would raise or lower deployment costs if we raise or lower the minimum 
usage allowance requirement? We assume some percentage of an average 
household's data is consumed in entertainment purposes. Should that be 
factored into our calculations? To the extent commenters believe the 
required minimum usage allowance should be higher or lower, they should 
provide specific data and analyses in support of their positions.
    18. Should we set an initial usage allowance that would be required 
for the first year of Phase II implementation, but require that usage 
allowance to grow in future years, consistent with the growth in 
consumer usage observed in the marketplace? We note that Cisco projects 
that North American consumer usage will grow by 14 percent in 2014, 21 
percent in 2015, and 25 percent in 2016. The model developed by 
Commission staff for the Broadband Plan assumed that customer usage of 
fixed broadband would grow by approximately 30 percent annually. How 
could such a requirement be structured to provide sufficient clarity to 
providers at the time they make a statewide commitment of how their 
obligations would evolve over time? What objective metric or external 
data source should determine the growth in usage allowances over time? 
If we were to adopt such an approach, should the usage level be 
adjusted annually, bi-annually, or on some other schedule?
    19. Latency. The USF/ICC Transformation Order, 76 FR 73830, 
November 29, 2011, requires ETCs to provide latency sufficient for real 
time applications, such as VoIP. In adopting this requirement, the 
Commission noted that broadband testing results showed most terrestrial 
wireline technologies can reliably provide round trip latency of less 
than 100 milliseconds (ms). The June 2012 testing results show that the 
average peak period round trip UDP latency for all wireline terrestrial 
technologies is less than 60 ms.
    20. To implement the Commission's latency requirement when offering 
support to price cap carriers in Phase II and determining who is an 
unsubsidized competitor in Phase II, should we establish a specific 
numerical latency standard? Because performance during peak usage is 
important to ensuring the consumers have adequate service, we believe a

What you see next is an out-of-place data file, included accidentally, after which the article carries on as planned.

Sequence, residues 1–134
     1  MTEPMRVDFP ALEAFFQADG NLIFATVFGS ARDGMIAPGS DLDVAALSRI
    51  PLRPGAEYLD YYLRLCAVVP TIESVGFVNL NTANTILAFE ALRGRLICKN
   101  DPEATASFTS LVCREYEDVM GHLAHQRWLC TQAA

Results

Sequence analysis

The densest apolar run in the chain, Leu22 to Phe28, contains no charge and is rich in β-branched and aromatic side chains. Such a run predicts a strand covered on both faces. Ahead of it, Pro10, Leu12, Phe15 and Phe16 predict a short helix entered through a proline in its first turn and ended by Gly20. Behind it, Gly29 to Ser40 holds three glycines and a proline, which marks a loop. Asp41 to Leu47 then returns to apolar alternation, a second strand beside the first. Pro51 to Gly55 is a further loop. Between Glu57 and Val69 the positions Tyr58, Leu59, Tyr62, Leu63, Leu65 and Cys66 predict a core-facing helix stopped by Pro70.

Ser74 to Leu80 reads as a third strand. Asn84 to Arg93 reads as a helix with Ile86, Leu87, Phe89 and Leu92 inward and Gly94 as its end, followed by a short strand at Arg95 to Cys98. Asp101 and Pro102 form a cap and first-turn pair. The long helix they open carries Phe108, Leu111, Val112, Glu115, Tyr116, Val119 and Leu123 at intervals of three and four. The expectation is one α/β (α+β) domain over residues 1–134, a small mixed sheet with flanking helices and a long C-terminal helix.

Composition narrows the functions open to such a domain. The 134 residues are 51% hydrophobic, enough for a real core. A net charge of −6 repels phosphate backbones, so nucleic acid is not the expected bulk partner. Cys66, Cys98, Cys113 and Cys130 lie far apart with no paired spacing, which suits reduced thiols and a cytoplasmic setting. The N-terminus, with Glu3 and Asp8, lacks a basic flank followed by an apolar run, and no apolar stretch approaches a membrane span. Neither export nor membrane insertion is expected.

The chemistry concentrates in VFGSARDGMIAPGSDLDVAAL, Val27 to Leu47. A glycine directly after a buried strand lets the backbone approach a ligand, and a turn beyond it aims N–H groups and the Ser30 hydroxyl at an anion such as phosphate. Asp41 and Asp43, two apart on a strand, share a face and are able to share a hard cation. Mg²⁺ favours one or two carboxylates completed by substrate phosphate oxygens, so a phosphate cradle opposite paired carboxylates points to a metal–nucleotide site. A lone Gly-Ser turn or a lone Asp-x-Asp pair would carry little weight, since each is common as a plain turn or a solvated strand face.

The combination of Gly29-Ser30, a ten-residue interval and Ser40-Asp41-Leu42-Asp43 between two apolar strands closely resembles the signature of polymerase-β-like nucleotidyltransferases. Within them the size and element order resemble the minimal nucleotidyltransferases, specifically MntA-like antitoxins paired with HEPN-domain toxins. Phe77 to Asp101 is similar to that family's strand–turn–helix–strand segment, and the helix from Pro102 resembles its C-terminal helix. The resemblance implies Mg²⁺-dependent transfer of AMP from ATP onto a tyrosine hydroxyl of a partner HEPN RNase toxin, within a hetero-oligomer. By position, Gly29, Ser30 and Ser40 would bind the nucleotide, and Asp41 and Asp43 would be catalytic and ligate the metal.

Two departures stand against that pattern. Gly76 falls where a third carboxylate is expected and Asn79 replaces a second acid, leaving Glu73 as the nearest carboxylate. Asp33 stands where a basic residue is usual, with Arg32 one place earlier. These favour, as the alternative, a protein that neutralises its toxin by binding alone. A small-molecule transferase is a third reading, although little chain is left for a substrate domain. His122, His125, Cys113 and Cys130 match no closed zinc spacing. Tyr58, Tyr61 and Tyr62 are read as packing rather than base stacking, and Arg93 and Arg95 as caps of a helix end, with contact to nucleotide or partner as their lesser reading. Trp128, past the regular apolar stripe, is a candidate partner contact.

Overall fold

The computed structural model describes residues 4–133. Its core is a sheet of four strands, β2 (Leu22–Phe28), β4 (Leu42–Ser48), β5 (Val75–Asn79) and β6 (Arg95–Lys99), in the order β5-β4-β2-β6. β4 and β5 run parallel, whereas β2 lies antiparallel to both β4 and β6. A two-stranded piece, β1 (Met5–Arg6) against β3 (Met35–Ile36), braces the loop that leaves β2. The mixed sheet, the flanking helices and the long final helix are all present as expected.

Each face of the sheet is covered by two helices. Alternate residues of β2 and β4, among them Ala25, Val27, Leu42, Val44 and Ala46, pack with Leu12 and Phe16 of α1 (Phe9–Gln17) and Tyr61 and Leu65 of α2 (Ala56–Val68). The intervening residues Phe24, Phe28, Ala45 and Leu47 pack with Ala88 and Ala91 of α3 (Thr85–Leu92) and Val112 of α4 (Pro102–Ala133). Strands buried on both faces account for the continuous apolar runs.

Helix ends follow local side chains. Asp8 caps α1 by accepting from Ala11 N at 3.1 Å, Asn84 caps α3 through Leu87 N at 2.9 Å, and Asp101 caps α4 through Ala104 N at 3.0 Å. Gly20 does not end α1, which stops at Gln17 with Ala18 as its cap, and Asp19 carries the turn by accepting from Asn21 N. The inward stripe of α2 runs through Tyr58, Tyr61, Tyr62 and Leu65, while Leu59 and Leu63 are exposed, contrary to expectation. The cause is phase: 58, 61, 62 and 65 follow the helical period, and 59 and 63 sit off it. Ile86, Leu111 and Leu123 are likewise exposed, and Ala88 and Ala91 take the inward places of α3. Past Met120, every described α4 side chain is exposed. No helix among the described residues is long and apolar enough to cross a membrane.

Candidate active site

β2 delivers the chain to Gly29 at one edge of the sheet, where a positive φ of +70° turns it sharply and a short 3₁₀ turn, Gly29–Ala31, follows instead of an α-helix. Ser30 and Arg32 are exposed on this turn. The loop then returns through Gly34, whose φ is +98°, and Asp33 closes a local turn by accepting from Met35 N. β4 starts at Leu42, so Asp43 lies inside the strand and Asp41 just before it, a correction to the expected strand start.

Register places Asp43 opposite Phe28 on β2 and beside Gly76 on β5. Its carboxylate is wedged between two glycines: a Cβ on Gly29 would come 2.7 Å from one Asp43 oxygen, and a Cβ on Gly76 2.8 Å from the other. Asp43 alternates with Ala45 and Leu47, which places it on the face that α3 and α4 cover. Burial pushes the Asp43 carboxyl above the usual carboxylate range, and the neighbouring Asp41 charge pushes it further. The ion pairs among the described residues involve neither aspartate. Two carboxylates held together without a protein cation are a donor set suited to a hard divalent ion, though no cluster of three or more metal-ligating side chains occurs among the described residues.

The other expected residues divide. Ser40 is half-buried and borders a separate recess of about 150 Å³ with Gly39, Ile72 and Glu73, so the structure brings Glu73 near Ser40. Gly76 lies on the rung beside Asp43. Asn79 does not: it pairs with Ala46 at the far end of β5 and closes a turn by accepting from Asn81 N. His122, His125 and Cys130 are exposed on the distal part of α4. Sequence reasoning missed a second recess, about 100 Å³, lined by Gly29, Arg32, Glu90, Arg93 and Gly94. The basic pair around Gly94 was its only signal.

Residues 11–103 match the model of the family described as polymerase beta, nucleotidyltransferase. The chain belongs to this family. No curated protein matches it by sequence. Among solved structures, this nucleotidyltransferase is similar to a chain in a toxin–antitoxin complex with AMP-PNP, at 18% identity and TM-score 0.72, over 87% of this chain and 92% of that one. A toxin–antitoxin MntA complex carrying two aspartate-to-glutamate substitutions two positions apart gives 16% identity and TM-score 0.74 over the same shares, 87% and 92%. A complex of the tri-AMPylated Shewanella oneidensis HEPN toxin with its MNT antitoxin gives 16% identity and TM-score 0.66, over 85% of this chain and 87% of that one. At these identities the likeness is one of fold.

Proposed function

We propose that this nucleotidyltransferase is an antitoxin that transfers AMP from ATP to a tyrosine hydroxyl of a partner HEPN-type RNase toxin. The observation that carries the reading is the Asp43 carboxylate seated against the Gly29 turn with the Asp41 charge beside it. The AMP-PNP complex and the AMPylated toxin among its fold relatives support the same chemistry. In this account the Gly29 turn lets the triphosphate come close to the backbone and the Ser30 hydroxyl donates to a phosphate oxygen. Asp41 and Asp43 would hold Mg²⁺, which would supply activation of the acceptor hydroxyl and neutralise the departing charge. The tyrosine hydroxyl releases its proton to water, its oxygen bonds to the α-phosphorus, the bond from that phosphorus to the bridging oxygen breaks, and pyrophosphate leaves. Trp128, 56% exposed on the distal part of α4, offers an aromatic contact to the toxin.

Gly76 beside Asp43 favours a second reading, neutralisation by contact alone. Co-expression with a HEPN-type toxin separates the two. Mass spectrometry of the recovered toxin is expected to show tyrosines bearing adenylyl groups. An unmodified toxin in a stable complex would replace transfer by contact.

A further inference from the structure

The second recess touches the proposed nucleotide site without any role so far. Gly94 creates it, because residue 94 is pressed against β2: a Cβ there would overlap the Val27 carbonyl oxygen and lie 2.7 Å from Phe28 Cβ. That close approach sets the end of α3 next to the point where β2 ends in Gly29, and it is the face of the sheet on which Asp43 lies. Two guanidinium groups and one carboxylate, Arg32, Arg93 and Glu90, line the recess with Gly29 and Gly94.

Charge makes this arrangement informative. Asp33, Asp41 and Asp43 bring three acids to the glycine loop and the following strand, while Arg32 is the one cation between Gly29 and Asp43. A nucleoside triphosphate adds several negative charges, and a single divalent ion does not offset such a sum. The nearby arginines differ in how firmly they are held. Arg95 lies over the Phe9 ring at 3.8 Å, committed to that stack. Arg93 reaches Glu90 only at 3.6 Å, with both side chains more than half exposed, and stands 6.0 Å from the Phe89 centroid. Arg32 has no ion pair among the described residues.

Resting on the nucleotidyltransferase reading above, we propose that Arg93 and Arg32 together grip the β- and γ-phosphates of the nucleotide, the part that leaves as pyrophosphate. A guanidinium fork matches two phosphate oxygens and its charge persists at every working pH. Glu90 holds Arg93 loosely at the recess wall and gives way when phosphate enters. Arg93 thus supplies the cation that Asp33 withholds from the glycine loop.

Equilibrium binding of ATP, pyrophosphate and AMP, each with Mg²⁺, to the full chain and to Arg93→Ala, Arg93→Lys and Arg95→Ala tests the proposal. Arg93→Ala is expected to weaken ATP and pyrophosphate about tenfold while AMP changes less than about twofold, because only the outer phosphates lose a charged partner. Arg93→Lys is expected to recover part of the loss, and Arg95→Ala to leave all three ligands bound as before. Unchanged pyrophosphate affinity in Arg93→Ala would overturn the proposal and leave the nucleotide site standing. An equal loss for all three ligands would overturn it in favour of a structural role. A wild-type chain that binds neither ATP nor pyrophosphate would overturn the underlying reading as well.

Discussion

testing under load standard would be appropriate, if we adopt a 
specific standard. For instance, would it meet the Commission's 
requirements if an average of 95 percent of all measurements of network 
round trip latency under load during peak period (defined as weeknights 
between 7:00 p.m. to 11:00 p.m. local time) between the customer 
premises (or as close to the customer premises as technically possible) 
to the provider's transit or peering interconnection point (often 
referred to as an Internet exchange point) were at or below 60 ms? 
Should that number be set lower or higher, and if so, why? To provide a 
factual basis for a price cap carrier or potential unsubsidized carrier 
to establish it is meeting the Commission's requirements, should a 
latency test be conducted over a minimum of two consecutive weeks 
during peak hours for at least 50 randomly-selected customer premises 
using existing network management systems, ping tests, or other 
commonly available network measurement tools? Should the testing period 
be longer or shorter? Should the number of customer premise be higher 
or lower? We seek comment on whether this approach would provide 
sufficient clarity to potential support recipients and unsubsidized 
providers regarding their service obligations.

III. Procedural Matters

A. Initial Regulatory Flexibility Act Analysis

    21. The USF/ICC Transformation Order included an Initial Regulatory 
Flexibility Analysis (IRFA) pursuant to 5 U.S.C. 603, exploring the 
potential impact on small entities of the Commission's proposal. We 
invite parties to file comments on the IRFA in light of this additional 
notice.

B. Initial Paperwork Reduction Act of 1995 Analysis

    22. This document seeks comment on a potential new or revised 
information collection requirement. If the Commission adopts any new or 
revised information collection requirement, the Commission will publish 
a separate notice in the Federal Register inviting the public to 
comment on the requirement, as required by the Paperwork Reduction Act 
of 1995, Public Law 104-13 (44 U.S.C. 3501-3520). In addition, pursuant